Carrie Jones-McGuire
Research and Argument

Misogyny in popular contemporary literary fiction

     Misogyny has been a component of literature for as long as literature has existed.  Katharine Rogers has said that "(m)isogyny, a prominent theme through all periods of English literature, can be traced back to the ancient myths of the Jews and the Greeks" (x).  Rogers has traced the most common patriarchal story, in which women's 'irrationality' is played against male 'rationality,' through the ages from Ovid to Aquinas to Donne, and then from Spenser to Swift to D.H. Lawrence.  She has noted the prevalence of another misogynist story, perennial competition between women, from Plato through Robert Herrick.  A more recent sexist story, in which a mixed-up man finds redemption through the love of an emotionally wise and patient woman, is hinted at in Chaucer's Clerk's Tale, but becomes common from nineteenth century authors, such as Dickens, on through George Bernard Shaw, Ernest Hemingway, and John Irving.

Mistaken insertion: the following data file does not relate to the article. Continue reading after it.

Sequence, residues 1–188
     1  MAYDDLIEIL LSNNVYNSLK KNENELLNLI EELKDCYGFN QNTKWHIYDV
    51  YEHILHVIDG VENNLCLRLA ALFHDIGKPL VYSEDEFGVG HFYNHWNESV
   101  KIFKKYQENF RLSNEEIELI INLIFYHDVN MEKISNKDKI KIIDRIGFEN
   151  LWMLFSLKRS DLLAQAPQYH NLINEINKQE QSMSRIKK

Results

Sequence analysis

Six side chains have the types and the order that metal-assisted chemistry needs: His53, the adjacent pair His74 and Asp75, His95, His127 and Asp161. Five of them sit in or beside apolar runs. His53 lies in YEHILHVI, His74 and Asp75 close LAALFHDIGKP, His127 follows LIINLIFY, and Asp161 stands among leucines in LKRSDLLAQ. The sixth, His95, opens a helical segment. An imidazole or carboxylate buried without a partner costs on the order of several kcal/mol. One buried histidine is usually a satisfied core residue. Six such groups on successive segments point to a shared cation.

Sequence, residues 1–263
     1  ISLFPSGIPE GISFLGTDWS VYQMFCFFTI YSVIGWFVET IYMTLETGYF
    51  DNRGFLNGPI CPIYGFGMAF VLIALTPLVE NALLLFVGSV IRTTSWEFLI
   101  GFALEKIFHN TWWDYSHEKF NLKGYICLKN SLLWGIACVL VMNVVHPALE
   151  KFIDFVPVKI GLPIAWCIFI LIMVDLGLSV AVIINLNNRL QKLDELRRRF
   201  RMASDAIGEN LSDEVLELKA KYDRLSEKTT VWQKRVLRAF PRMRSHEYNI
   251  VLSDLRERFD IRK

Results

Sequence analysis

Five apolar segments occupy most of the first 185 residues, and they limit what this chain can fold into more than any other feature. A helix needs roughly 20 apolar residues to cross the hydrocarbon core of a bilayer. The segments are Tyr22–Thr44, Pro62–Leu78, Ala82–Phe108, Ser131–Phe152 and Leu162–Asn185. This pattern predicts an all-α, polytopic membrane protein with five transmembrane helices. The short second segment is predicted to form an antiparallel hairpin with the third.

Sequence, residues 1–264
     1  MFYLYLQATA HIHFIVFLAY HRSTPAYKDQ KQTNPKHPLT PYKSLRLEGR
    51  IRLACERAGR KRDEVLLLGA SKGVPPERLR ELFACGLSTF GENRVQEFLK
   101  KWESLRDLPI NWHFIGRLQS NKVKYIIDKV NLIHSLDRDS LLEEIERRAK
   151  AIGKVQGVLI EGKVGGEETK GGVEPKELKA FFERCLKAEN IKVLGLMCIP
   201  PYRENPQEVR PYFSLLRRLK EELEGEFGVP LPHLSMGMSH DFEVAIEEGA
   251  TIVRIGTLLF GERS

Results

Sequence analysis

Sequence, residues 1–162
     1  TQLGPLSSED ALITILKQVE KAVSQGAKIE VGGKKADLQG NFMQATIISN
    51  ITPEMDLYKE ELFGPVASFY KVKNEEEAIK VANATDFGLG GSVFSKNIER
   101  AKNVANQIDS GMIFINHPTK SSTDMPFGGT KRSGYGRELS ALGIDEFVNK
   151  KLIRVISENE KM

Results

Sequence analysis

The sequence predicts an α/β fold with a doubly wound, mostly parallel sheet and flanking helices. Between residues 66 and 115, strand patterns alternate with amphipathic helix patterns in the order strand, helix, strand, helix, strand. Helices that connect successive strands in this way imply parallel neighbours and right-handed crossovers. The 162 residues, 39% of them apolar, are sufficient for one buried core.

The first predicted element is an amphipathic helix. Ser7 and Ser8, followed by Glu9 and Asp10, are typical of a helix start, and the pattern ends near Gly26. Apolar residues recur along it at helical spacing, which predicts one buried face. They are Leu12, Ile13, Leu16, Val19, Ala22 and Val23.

Nearly two millenia have passed since the Greek stories were written.  One hundred and fifty years have passed since the Declaration of Rights and Sentiments was read at Seneca Falls.  Thirty-five years have passed since Betty Friedan published The feminine mystique.  Twenty-nine years have passed since Kate Millett's doctoral dissertation was published as Sexual politics.  Surely, one thinks, things are different now.  Surely, with all the political and social strides made by women in the twentieth century, women are shown greater respect.  In some senses, this is true.  Female characters in recent fiction commonly hold jobs and find varying measures of material success.  They have intellect, and they use it.  Their social and emotional skills are met with respect from male characters.  And yet common patterns of patriarchal stories persist even in the most contemporary fiction.